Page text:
While there are a handful of other gem and mineral shows, I always look forward to the Denver show the most.
Living about an hour away from Denver helps, but I’ve found that this show has a ton of unique vendors with very reasonably priced specimens.
Compared to most local rock and gem shows, which have 40-50 vendors on any given weekend, the Denver show is home to hundreds and hundreds. If you want to see it all, expect to walk around five miles; it’s a full-day event for those who genuinely call themselves rock hounds.
With years of experience collecting rare minerals, hundreds of specimens on shelves, endless mine visits, and rock-hounding adventures, plus countless shows under the belt, I’m hooked on remarkable rocks, and I don’t care who knows!
Today, I’d love to share my favorite pieces from the show, all of the best highlights, and some of the best-kept secrets to shopping for crystals. Every year I go to this show, I have an incredible time buying new minerals, discovering new treasures, chatting with other collectors, and photographing what I love but can’t afford to take home!
Check out these drool worthy slices of agate. Oh, how I would love to own them all! I find each one to be entirely unique with all sorts of interesting crystal formations, colors, etc. Best of all, these crystals can be quite affordable.
If you go to the Denver Gem and Mineral show you can expect one thing: To see massive crystal towers! This giant amethyst crystal tower is no exception. With a price tag that can exceed tens of thousands of dollars, it’s fun to just enjoy checking out these earthy beauties without forking over your life’s savings.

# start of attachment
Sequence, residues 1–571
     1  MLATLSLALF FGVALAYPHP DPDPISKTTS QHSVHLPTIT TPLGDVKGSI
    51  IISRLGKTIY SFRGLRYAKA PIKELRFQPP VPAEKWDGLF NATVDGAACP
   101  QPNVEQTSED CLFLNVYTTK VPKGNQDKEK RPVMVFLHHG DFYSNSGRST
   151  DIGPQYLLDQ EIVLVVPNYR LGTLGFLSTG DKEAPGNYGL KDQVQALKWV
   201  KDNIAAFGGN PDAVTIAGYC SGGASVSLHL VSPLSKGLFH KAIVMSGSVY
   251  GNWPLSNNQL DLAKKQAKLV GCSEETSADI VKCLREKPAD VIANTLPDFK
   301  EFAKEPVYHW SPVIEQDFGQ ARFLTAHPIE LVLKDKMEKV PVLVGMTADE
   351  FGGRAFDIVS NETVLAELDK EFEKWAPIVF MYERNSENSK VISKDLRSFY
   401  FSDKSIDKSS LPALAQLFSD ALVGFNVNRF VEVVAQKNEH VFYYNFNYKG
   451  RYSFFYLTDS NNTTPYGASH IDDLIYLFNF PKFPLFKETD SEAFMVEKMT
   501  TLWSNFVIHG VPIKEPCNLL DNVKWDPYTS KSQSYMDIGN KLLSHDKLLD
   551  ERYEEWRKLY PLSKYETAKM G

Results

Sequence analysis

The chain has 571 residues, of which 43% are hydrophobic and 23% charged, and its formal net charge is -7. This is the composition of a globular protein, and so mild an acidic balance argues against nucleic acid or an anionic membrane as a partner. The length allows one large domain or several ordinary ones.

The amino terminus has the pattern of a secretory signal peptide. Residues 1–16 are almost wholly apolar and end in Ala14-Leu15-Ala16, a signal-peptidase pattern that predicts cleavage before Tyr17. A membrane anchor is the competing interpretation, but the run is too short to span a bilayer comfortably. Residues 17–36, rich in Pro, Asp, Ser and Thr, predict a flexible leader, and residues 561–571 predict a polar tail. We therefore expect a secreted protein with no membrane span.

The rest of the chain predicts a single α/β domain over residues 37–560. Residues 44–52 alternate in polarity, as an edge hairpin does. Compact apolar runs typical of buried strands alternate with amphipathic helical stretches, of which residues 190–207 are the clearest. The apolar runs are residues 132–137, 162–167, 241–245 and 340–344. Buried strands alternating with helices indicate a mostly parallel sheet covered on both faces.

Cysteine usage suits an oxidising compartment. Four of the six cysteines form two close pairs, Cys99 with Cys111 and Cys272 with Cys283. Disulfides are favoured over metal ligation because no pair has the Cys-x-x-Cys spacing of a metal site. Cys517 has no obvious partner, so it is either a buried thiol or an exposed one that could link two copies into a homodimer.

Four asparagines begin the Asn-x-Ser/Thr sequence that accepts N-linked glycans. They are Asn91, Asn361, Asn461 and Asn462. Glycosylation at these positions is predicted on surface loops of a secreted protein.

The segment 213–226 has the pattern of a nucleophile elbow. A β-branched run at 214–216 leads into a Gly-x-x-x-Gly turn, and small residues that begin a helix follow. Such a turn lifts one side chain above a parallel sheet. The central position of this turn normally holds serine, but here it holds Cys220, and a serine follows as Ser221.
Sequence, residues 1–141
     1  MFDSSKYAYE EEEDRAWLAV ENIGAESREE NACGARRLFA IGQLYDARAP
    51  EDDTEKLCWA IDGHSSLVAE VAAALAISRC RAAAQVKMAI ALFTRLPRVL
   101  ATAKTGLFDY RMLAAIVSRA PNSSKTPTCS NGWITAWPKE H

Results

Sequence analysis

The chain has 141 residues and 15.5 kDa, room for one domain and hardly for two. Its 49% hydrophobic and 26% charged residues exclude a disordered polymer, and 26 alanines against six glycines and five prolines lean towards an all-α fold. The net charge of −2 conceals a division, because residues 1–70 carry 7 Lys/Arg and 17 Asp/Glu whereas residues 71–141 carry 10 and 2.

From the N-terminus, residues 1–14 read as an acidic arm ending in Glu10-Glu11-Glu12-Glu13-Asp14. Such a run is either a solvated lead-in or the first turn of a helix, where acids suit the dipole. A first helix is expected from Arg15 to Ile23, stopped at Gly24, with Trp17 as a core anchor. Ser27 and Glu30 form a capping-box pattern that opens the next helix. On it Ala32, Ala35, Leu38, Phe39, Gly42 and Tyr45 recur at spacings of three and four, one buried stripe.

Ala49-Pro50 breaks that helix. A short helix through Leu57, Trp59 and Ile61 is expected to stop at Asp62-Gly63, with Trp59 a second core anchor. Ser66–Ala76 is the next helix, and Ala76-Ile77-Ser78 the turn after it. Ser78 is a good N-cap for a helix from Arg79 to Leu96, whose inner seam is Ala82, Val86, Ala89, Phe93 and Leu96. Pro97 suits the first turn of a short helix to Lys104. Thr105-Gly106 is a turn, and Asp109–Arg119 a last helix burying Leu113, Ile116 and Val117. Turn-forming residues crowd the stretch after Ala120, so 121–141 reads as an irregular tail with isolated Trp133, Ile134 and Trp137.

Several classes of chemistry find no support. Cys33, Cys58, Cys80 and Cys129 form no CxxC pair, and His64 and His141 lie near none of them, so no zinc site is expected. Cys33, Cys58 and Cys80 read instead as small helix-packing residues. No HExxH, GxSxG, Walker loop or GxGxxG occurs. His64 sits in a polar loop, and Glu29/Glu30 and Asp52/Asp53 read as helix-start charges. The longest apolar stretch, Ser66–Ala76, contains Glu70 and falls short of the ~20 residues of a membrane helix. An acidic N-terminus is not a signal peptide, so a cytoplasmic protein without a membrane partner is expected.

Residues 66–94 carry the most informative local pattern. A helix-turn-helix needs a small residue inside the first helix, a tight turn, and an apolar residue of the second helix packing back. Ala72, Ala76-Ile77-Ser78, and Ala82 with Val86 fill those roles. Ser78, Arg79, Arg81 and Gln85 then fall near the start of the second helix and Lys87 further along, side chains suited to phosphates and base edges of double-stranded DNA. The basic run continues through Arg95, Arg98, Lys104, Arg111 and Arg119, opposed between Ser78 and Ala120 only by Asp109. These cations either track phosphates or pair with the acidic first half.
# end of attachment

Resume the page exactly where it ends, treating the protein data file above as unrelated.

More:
Speaking of towers, giant ones aren’t the only options at the show. In reality, you can find all sorts of amethyst towers from mini in size to massive. Some of the medium size towers can be affordable if you’re willing to bargain hunt.
Getting the best mineral specimens at the best prices
I’ve never paid full price for a mineral specimen, ever. I always negotiate the price down one way or another. If a mineral is listed at $100, I will ask what the best price is. If they say $90, I’ll offer $80. Most folks agree at $80 or $90, but you’re saving 10-20% off by asking.
Remember that many mineral specimens are overpriced because negotiation is often expected, so discounts such as 50% can be a terrible deal if the retail price is already inflated. You’ve got to know what things are worth; unfortunately, there’s no guide for that other than using experience and common sense.
When sellers don’t budge on price, I find another mineral I want to purchase from their booth. I’ll offer to buy them both if the seller gives me a discount. More often, sellers who wouldn’t budge on price will change their attitude and accept my deal.
Prices vary vastly from booth to booth, as there is no guidebook for setting prices, and every mineral specimen is unique. Some pieces can go for hundreds at one booth, and a few booths down be offered for thousands of dollars. While every mineral is unique, a great deal are very close in size, crystal height, color, matrix composition, etc.
Shop around before you get a fixation on one mineral specimen in particular. I’ve found so many crystals that I love and want to buy immediately, only to wander to another booth and find something way better for way less.
A beautiful blue barite specimen featuring a huge sugary quartz matrix. While not the deepest crystals or the bluest we’ve seen at the show, this piece in particular caught my eye.
How cool is this dog tooth calcite? Attached to a giant milky matrix, this specimen features super sharp pointed tips and a smoky depth that draws you right on in. I didn’t check to see where this mineral was found, but if it’s like other dog tooth calcite, then most likely it comes from mines in Mexico.
When it comes to carved animals and figurines, you’ll find them everywhere throughout the show. Just about every booth has some form of carved art available for sale. However, this is the first time we found animals without stuck on eyes and the carving details were just beautiful. Instead of being fully polished stones, these rhino and wolf pieces had a rougher texture. I think what we really capture our attention was the incredible blue and teal stone color.
The crystal hunting experience